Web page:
Here are the 10 things hospitals are being told to do to prepare for the coronavirus (Bryan Pietsch)
FILE PHOTO: Employees dressed in scrubs talk with each other at Providence Regional Medical Center after a spokesman from the U.S. Centers for Disease Control and Prevention (CDC) said a traveler from China has been the first person in the United States to be diagnosed with the Wuhan coronavirus, in Everett, Washington, U.S. January 21, 2020.  REUTERS/Lindsey Wasson
Employees dressed in scrubs talk with each other at Providence Regional Medical Center after coronavirus victim treated in Everett


Are you a healthcare professional? If you want to share your experience in the healthcare industry as the coronavirus spreads, please reach out to Business Insider reporter Bryan Pietsch at 

Train healthcare personnel

  • The CDC says hospital leadership like the chief medical officer, quality officers, epidemiologists, and department heads should review the CDC's COVID-19 guidance, which is available here

  • Trainings should include how to identify infection, how to safely collect a specimen, and how to report cases of COVID-19. 

How to quickly identify and isolate patients who are confirmed or suspected to have the virus

  • Post signs at entrances instructing people experiencing symptoms of respiratory infection to put on a mask and keep it on while at the hospital, cover their nose and mouth when coughing or sneezing, and wash their hands frequently. 

  • Provide face masks to patients and people displaying symptoms. 

  • Put alcohol-based hand sanitizer at all entrances and common areas. 

  • Facilities should have a separate, well-ventilated space for waiting patients that separates them by at least six feet. 

  • Have a process to notify local or state health officials if a case of the coronavirus is suspected after that person arrives. 

How to place patients

  • Confirm the number and location of Airborne Infection Isolation Rooms (AIIRs) in the facility. 

  • Make sure that AIIRs have been tested and are effective. (AIIRs should have sufficient air flow, negative pressure and exhaust handling.) 

  • Plan to minimize the amount of healthcare professionals entering the room. The CDC advises that only "essential" personnel should enter the AIIR. 

  • Log who enters and exits the patient rooms. 

Transmission precautions

  • Protective equipment and other supplies for workers and patients should be supplied at a sufficient level throughout all steps from the patient's arrival to assessment. 

  • Have a respiratory protection program, and make sure employees are cleared and trained to use a respirator.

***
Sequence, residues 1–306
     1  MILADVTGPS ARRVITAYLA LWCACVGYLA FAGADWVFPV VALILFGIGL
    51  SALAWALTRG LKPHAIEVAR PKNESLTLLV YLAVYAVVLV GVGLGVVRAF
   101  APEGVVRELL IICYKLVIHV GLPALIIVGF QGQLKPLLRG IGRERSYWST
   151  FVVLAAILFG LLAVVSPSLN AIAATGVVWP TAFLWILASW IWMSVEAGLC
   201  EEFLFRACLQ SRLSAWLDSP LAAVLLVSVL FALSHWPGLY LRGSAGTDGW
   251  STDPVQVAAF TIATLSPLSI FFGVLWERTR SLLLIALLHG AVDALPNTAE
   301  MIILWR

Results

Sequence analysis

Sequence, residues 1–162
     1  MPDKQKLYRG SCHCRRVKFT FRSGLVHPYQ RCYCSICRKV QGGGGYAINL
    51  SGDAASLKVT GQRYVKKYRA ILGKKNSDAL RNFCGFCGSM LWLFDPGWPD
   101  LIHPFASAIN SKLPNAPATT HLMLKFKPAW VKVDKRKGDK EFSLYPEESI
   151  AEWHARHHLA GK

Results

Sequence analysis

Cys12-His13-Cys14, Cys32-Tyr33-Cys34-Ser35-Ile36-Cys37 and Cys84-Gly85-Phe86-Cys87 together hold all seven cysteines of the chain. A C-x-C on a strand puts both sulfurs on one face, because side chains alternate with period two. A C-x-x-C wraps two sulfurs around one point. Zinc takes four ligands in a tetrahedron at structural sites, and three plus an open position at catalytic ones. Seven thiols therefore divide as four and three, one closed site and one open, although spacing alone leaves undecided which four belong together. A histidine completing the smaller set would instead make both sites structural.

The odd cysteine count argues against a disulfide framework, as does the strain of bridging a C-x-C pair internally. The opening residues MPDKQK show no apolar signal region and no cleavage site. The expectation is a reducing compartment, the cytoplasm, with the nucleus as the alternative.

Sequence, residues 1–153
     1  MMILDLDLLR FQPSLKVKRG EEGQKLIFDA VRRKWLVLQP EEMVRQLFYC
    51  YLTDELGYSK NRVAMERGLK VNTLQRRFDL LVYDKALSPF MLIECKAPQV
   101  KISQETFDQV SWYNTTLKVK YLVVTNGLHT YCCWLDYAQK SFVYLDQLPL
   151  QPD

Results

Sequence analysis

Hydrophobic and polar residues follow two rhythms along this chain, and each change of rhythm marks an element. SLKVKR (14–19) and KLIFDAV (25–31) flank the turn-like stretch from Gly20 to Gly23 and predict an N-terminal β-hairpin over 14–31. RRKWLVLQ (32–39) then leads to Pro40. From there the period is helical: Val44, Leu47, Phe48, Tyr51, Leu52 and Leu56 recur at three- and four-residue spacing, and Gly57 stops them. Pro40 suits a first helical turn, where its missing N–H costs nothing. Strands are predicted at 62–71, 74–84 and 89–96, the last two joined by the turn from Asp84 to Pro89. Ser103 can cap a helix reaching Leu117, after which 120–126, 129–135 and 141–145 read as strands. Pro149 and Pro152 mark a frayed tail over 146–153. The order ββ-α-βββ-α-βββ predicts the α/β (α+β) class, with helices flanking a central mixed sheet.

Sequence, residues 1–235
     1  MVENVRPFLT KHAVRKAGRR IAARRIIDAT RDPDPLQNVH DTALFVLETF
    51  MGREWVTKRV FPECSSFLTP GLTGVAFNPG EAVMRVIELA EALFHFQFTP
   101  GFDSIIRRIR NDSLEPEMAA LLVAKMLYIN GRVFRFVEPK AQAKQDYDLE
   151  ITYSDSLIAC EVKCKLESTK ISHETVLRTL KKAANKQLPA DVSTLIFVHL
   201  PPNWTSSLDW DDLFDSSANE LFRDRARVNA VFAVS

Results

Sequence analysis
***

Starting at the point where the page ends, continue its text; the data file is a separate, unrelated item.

Patients moving within the hospital

  • Patients moving outside of the AIIRs should be limited to only medically-essential situations. 

  • If the patient is being moved out of the AIIR, employees in the receiving area need to be notified in advance. 

  • Patients being transported out of the AIIR should wear a mask and be covered with a clean sheet. 

Hand hygiene

  • Hand hygiene supplies should include alcohol-based hand sanitizer and be accessible in patient care areas, including places where employees are removing protective equipment. 

  • Oversee and audit adherence to CDC recommendations for hand hygiene. 

Cleaning of the hospital environment

  • Have a plan to disinfect surfaces and equipment in patients' rooms effectively. 

  • People cleaning equipment and surfaces should be trained and tested. 

  • Use an EPA-registered hospital-grade disinfectant with approved to sanitize for "emerging viral pathogens." 

Monitor and manage personnel

  • Follow local and state policies for monitoring personnel for potential exposure. 

  • Make sure workers have access to medical consultation. 

  • Track exposures and conduct active or self-monitoring of personnel. 

  • Have a process to check symptoms and temperatures of personnel before they start their shift. 

Visitor access

  • Ensure plans for visitor access have been reviewed and updated. 

  • Visitors should be screened for symptoms of respiratory illness before entering the hospital. 

  • Plan to restrict visitation to patient rooms with confirmed or suspected COVID-19. 

  • If visitors are allowed to visit those patients, hospitals should plan what type of protective equipment visitors should wear, give instructions to those visitors on proper hygiene protocol, maintain a record of visitors, and limit visitors' movement within the hospital. 

Regularly monitor the situation with the CDC

  • Check the CDC's page on the coronavirus situation at 

Read the original article on Business Insider